If you’re a friend on facebook, then you know how ecstatic I am when I find American made goods in unlikely places. I have a visceral reaction. For instance, when we planted our garden, I knew that I wanted to make my own pest control products so that I could control what was going on my food. In order to make your own pest control products, you have to have….plastic spray bottles.
There are certain classes of goods that make me cringe and anything made of plastic seems ripe for being manufactured in China. So, imagine my surprise when I trudge to the spray bottle aisle at Home Depot, sighing loudly about globalization and victimization, and I find that the Home Depot brand spray bottles are made in the USA.
My brain shutdown. I might have done a jig, wept loudly, danced naked, and sung “God Bless America”. Whatever I did, it looked like I was having a spiritual moment on the lawn aisle at Home Depot.
In April, we went to a wedding shower for a friend and Alex put me in charge of getting the gift. Two hours of wandering the aisles at Target, weeping loudly, gnashing my teeth, worrying about how it might look if we showed up with a secondhand board game and a fair trade chocolate bar, when I stumbled upon NordicWare, which is a line of bakeware at Target that has some really cute things made in America (not all of their things are made in US- check the label!). I, again, overreacted, cried happy tears, and did the mambo up to the counter. Two hours- not wasted! From now on, if you’re getting married, you’re either getting a fair trade wooden spoon or brightly colored cookie sheets. It’s your call.
Before you yell at me for nagging on Asian manufacturing, let me clarify a few things for you:
– I asked a fair trade store owner about goods from China. He estimated that only about five percent of the goods coming out of China are produced in a “fair” manner by American standards.
-I understand that people in developing countries need jobs. Korean factories import their labor force from Bangladesh and they are treated like total crap, but, I’ve been told, that it’s still better than being with no-job in Bangladesh. I get that. The problem there is that my buying Korean products simply perpetuates the “This hell hole is better than that hell hole” situation for these people. It’s like that stupid argument that you threw trash on the ground so that someone has to be paid to come pick it up. I’m not satisfied with any poverty, whether it’s better than another kind of poverty or not. If I wouldn’t want my family or friends to work long hours in a dangerous factory for a pittance, why on God’s green earth would it be okay for anyone else? We’ve got to realize that someone (predatory companies) is making a crapload of money so that someone else (ahem, us) can get goods they don’t really need for really unfair prices.
Anyway, I’ve been on this journey for a while now and I wanted to share some of my governing principles when it comes to purchasing decisions. They’re by no means comprehensive and I learn more every day.
1. If you can, buy fair trade (or ethically made). Fair trade certified means that the companies have undergone quite extensive certification processes to ensure that people are being paid a living wage all the way down the supply chain. This means, the person that weaves the cloth, stitches the shirt, works in the distribution center, etc are all making enough money to survive in their respective countries AND/OR an artisan is being paid fairly for their time and talents for a good.
The fair trade certification process can be very expensive and time consuming. Smaller companies might not have the resources to get this certification and so they might go a different path. I’ve found several companies who aren’t “technically” fair trade certified, but they have company policies about treating their suppliers ethically. You can go to the company’s website and see if they have a corporate responsibility policy that talks about their supply chain. You do have to use good judgement with these though, as Wal-Mart has a “corporate responsibility” policy and we all know that is a total joke.
Fair trade things are expensive and often, not things that we “need”. For instance, I’ve been looking for curtains for our livingroom for over a year now. Fair trade curtains seem like a pretty simple thing to find, but the fair trade websites have more elephants made out of tin cans than things that I would actually use. This is changing but the change is slow.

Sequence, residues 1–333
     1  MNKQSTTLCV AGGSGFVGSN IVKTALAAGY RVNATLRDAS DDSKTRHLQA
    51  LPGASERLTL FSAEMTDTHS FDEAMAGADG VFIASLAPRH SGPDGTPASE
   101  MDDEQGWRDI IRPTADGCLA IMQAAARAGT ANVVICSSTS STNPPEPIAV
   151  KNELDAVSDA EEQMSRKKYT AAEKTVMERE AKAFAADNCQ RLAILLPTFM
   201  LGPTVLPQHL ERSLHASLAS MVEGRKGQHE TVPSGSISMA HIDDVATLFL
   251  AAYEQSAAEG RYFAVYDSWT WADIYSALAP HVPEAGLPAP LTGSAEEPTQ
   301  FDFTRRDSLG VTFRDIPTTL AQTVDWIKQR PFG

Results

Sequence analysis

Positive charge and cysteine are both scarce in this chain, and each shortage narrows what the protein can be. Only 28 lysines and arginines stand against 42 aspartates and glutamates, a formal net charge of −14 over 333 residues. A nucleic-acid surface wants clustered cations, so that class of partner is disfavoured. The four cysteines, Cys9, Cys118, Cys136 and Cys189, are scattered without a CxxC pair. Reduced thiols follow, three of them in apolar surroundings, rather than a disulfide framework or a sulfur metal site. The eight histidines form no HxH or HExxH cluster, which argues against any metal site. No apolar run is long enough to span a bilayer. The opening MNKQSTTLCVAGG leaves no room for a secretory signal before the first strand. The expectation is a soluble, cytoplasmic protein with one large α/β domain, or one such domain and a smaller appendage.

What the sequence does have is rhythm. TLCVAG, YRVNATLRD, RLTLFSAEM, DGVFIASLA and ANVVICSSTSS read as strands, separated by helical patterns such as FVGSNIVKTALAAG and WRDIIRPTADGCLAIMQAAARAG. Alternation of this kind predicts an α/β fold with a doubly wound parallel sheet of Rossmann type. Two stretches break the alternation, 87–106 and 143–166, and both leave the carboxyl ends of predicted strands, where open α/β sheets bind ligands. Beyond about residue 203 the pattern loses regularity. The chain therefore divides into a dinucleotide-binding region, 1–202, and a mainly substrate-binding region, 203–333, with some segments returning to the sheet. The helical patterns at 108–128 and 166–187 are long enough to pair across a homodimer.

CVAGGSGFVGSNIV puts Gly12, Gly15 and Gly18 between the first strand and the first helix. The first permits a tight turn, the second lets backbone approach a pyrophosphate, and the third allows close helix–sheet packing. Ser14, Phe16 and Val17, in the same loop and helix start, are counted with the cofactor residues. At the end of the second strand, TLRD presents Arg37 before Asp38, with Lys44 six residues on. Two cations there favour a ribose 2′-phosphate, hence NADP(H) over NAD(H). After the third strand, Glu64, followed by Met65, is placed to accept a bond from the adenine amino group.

If you’re going to start somewhere, start with fair trade food- tea, coffee, sugar, chocolate. Traditionally, these kind of agricultural goods are full of companies using cheap labor to feed bulging Americans. Those four things are also fairly easy to find fair trade in your typical grocery store. A word of caution: An off-handed comment about quinoa (a vegetarian’s miracle grain) led me down a rabbit-trail that ended with an article that asserted farmers in the Andes mountains are starving because quinoa was the base of their diet and now that quinoa is so popular, the prices have soared and they can’t afford it. Fair trade does drive the price of goods up. In things like curtains or rugs, I would imagine that fair trade does more good than harm, but in the case of quinoa, it’s possible that fair trade could hurt. By the way, another article asserts that farmers are still retaining a tenth of their quinoa crops to eat; the real trouble is the environmental impact of more aggressive quinoa farming. I know, are you feeling overwhelmed with all the information and now you don’t know whether to eat quinoa or not? Welcome to my world.
2. Take your time and do your research. Fight the American tantrum of “I want it now”. Are you ready for my sad, sad tale of woe? We went to Estes Park, Colorado last summer for vacation. We mostly napped, hiked, fished, ate, gamed, etc, but we also did a little shopping. I was in heaven a little bit because my normally slim options were a little wider in CO, where the hippies converge and care about things like, oh, our global brothers and sisters. We were in this little shop that had just opened and the owners were from Texas and, lo and behold, they had a case full of beautiful sunglasses proclaiming to be “handmade in LA”. Wowee, I was in hog-heaven. You see, my current state of shielding the sun from my eyes is two pairs of plastic crap sunglasses that could be sat on or lost at any minute. I have nightmares about losing these somewhere and being left to stare at the sun until my eyes have shriveled up. So, sunglasses made in the USA? Sign me up. I told them that I’d have to think about it. I took 2 days to think about it and I poo-pooed Alex’s suggestion that I research the company because, well, the sign said so and I was also doing a media fast so I didn’t want to spend alot of time on the internet. I went back a few days later and I bought some. They were expensive and they came in a fancy case with a bag (a far cry from my free sunglasses from the State Fair that have the word “VOLKSWAGON” emblazoned down the side and that probably leech cancer onto my face). When we left the store, I ripped the tag off and slid them onto my face, satisfied that I had made a good decision. An hour later, I was trying on something in a store and I asked Alex to hold them. He was examining them and he said, “Uh-oh”. I said, “WHAT?!?!” and he pointed to one small printed word on the stem of the glasses.